Weeds - Spotted Knapweed (Centaurea maculosa)
Spotted Knapweed is a biennial or short-lived perennial. A multi-stemmed plant with several stems arising from the crown, flowers are light purple to violet, or occasionally cream colored. The tips of the flower head bracts are black, making the seed head appear spotted. The flower head is slender, about 1/2 inch long and urn shaped which is typical of most Centaurea species. Each seed head can produce hundreds of seeds each. Develops a slender taproot reaching as deep as 2 feet in ideal conditons.
Spotted Knapweed will form dense stands on any open ground, excluding more desirable forage species. This plant prefers moister conditions than Diffuse knapweed, but can survive at fairly dry sites, also tends to choose gravelly to sandy areas. Once established, the necessary extensive control measures are often more expensive than the potential income of the land.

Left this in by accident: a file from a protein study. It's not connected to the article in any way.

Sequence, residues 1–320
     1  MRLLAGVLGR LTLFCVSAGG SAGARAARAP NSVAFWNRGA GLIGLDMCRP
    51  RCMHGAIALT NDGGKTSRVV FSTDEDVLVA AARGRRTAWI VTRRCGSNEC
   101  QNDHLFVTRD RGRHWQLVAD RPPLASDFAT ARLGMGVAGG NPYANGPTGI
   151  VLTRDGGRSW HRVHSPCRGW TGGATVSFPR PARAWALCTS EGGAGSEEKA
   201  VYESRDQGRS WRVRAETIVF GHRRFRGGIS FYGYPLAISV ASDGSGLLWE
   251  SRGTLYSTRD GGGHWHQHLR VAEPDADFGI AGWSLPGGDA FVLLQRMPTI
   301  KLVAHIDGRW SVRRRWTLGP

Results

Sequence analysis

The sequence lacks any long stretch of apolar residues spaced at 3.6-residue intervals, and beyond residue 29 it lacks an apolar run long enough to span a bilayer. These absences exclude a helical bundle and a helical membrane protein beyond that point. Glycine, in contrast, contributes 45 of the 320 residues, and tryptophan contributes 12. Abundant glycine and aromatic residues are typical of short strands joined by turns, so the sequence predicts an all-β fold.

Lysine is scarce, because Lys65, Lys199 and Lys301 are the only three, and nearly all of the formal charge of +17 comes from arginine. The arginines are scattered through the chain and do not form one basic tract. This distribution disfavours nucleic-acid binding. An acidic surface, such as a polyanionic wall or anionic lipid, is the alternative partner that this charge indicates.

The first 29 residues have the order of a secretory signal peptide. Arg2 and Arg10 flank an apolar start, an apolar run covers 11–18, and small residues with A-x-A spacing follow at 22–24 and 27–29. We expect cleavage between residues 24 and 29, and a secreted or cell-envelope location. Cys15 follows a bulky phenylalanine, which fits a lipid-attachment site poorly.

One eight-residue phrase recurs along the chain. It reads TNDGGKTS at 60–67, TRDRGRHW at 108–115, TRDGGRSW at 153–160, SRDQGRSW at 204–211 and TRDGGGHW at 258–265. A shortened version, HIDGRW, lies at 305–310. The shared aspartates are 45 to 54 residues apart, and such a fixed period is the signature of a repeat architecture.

This species is relatively easy to control with herbicides. All phenoxy type products, (2,4-D, Tryclopr, Dicamba) all work well. Test plots by the OSU Extension Service have shown that residual chemicals are preferable when trying to control the weed. Picloram (Tordon 22K), dicamba (Banvel), 2,4-D LV and Amine are effective. Always read and follow the label. Biological controls are increasing, check with local weed control personnel for more information.